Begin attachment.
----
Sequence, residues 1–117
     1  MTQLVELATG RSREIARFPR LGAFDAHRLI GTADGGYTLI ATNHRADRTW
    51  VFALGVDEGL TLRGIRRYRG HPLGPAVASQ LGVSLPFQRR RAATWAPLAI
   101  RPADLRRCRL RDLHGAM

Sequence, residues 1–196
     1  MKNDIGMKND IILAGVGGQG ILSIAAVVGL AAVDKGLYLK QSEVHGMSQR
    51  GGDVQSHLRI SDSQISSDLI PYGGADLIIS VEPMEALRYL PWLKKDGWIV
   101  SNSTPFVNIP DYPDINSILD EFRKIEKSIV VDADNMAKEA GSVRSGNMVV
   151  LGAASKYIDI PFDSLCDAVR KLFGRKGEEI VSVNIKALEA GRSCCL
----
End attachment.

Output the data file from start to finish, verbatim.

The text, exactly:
Sequence, residues 1–117
     1  MTQLVELATG RSREIARFPR LGAFDAHRLI GTADGGYTLI ATNHRADRTW
    51  VFALGVDEGL TLRGIRRYRG HPLGPAVASQ LGVSLPFQRR RAATWAPLAI
   101  RPADLRRCRL RDLHGAM

Sequence, residues 1–196
     1  MKNDIGMKND IILAGVGGQG ILSIAAVVGL AAVDKGLYLK QSEVHGMSQR
    51  GGDVQSHLRI SDSQISSDLI PYGGADLIIS VEPMEALRYL PWLKKDGWIV
   101  SNSTPFVNIP DYPDINSILD EFRKIEKSIV VDADNMAKEA GSVRSGNMVV
   151  LGAASKYIDI PFDSLCDAVR KLFGRKGEEI VSVNIKALEA GRSCCL